2. Parents and their children have experienced significant trauma but will not go to outside services. Child First’s home-based, two-generation approach enables parents and their children to begin the process of healing from their own trauma, eliminating barriers to treatment by offering home-based services which reduce stigma, eliminate transportation difficulties and childcare needs.
    3. Treatments that target the elimination of child behaviours and/or teach parenting skills alone do not address and heal the trauma. Furthermore, parents dysregulated by their own trauma responses have difficulty learning and integrating new skills. Child First helps to build nurturing, responsive parent-child relationships, which are not only fundamental to healing both child and parent but will continue to protect the child from the impact of future adversity.


  1. Bowlby, J., 1969. Attachment and loss, Vol.1: Attachment, London: Hograth Press and the Institute of Psycho-Analysis.
  2. Stern, D., 1987. The interpersonal world of the infant: A view From Psychoanalysis developmental psychology. International Journal of Early Childhood, 19(1), pp.73–74.
  3. Snyder, R., Shapiro, S. & Treleaven, D., 2011. Attachment theory and mindfulness. Journal of Child and Family Studies, 21(5), pp.709–717.
  4. Fonagy, P., Gergely, G. & Target, M., 2007. The parent-infant dyad and the construction of the subjective self. Journal of Child Psychology and Psychiatry, 48(3-4), pp.288–328.
  5. Fonagy, P. et al., 1991. The capacity for understanding mental states: The reflective self in parent and child and its significance for security of attachment. Infant Mental Health Journal, 12(3), pp.201–218.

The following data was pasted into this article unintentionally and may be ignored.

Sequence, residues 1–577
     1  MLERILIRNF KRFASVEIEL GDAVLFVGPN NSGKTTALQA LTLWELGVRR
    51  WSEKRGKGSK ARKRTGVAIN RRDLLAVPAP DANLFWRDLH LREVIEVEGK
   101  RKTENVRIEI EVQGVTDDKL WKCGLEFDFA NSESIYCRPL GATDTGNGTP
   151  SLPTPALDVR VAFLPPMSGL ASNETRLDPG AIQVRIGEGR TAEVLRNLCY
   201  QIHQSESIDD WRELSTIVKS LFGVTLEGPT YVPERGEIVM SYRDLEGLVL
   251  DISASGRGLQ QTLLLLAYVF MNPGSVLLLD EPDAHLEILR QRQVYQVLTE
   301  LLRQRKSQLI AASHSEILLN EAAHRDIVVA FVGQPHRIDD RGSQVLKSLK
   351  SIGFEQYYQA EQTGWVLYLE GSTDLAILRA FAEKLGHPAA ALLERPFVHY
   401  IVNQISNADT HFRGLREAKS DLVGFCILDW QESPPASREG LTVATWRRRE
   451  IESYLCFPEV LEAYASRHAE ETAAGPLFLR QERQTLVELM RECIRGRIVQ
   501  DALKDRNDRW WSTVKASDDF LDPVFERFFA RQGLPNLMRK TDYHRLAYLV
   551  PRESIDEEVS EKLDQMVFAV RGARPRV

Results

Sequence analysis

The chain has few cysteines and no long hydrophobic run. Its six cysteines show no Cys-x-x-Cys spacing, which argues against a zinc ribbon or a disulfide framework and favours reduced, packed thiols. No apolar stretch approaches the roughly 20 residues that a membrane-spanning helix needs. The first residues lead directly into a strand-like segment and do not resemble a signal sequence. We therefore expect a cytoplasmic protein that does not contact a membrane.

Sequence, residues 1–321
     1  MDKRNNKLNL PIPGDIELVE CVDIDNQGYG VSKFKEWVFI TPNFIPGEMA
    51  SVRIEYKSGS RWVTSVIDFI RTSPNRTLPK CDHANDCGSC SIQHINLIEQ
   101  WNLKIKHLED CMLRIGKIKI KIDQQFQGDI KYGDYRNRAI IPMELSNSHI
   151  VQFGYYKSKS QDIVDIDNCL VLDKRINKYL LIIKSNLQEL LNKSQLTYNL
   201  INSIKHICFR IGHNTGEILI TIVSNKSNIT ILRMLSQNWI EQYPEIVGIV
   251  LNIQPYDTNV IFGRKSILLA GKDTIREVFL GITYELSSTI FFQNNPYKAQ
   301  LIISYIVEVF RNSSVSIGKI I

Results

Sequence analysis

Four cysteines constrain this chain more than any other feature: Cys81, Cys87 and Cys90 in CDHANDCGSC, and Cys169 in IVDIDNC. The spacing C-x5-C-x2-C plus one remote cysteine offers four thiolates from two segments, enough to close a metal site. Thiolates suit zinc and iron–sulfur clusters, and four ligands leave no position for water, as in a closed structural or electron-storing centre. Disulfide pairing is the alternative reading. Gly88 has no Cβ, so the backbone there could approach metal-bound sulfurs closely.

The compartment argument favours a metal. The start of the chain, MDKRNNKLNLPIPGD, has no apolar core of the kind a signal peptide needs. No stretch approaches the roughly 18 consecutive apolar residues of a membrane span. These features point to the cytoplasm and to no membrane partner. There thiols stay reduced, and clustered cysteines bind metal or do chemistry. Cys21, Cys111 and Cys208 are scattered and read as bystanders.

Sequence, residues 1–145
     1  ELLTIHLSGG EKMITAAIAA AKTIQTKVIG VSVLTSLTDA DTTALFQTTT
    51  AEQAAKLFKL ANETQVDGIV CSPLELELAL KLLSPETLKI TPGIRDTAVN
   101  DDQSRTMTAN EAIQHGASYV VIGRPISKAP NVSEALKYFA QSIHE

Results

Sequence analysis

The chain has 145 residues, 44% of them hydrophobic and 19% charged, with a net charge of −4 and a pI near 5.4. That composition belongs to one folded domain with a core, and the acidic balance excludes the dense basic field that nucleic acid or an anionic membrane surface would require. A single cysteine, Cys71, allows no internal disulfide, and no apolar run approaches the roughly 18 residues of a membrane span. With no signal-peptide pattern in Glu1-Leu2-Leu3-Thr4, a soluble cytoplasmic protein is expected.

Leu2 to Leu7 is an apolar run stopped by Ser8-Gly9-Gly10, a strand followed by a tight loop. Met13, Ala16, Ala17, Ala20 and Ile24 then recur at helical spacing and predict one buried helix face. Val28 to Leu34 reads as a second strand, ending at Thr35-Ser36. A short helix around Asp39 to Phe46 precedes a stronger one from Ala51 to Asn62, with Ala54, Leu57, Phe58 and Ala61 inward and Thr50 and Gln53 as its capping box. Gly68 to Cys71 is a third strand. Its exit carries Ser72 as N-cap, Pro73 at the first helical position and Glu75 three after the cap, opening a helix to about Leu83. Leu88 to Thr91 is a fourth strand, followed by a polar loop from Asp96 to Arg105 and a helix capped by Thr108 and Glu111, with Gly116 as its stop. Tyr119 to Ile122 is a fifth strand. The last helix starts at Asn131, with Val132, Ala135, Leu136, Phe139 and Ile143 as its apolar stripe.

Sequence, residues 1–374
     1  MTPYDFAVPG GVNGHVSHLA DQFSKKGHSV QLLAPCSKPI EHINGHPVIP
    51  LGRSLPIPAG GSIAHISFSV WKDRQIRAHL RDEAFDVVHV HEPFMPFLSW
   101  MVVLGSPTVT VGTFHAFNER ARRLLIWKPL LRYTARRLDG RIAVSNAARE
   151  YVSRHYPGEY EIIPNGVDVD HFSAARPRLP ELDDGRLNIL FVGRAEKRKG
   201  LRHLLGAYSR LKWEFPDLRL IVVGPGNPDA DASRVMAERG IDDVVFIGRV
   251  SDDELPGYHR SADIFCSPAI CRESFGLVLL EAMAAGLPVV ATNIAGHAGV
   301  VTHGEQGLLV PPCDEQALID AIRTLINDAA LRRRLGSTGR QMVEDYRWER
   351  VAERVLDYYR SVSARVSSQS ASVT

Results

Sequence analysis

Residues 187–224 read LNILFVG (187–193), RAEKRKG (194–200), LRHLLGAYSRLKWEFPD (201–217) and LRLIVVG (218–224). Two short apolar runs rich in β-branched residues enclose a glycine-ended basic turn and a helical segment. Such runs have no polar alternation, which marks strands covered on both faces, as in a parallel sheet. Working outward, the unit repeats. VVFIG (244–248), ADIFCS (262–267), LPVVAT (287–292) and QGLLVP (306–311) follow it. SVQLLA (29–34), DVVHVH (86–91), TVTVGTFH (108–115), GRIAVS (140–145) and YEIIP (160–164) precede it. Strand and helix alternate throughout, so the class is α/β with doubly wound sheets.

6. Grienenberger, J. & Slade, A., 2002. Maternal reflective functioning, mother infant affective communication, and infant attachment: Implications for psychodynamic treatment with children and families. PsycEXTRA Dataset.
  7. Slade, A., 2005. Parental reflective functioning: An introduction. Attachment & Human Development, 7(3), pp.269–281.
  8. Bloom, S.L., 2019. Trauma theory. Humanising Mental Health Care in Australia, pp.3–30.
  9. Steele, M., 2018. Trauma and attachment. Developmental Perspectives in Child Psychoanalysis and Psychotherapy, pp.51–72.
  10. Guyon-Harris, K.L. et al., 2020. Early caregiving quality predicts consistency of competent functioning from middle childhood to adolescence following early psychosocial deprivation. Development and Psychopathology, 33(1), pp.18–28.
  11. Guyon-Harris, K.L., Humphreys, K.L. & Zeanah, C.H., 2020. Adverse caregiving in early life: The trauma and deprivation distinction in young children. Infant Mental Health Journal, 42(1), pp.87–95.
  12. Insel, T., 1997. A neurobiological basis of social attachment. American Journal of Psychiatry, 154(6), pp.726–735.
  13. Macfie, J., Cicchetti, D. & Toth, S.L., 2001. The development of dissociation in maltreated preschool-aged children. Development and Psychopathology, 13(2), pp.233–254.
  14. Peterson, Sarah. “About Child Trauma.” The National Child Traumatic Stress Network, 5 Nov. 2018, www.nctsn.org/what-is-child-trauma/about-child-trauma.
  15. Harvard Center for the Developing Child (n.d.). Stress and Resilience: How toxic stress affects us and what we can do about it. https://developingchild.harvard.edu/resources/stress-and-resilience-how-toxic-stress-affects-us-and-what-we-can-do-about-it/
  16. Lowell, D., Paulicin, B., Carter, A., Godoy, l. Briggs-Gowan, M. (2011). A Randomized Controlled Trial of Child FIRST: A Comprehensive Home-Based Intervention Translating Research Into Early Childhood Practice. Child Development, 82 (1), pp.193–208.

About the Author

Dr. Salam Soliman is the Director for the Center for Prevention and Early Trauma Treatment (CPETT) for Child First, National Service Office for Nurse-Family Partnership and Child First. CPETT is a Substance Abuse and Mental Health Services Administration (SAMHSA)-funded National Child Traumatic Stress Network Category II Center in the United States. Dr. Soliman is a licensed clinical psychologist, a certified school psychologist, and an infant mental health mentor.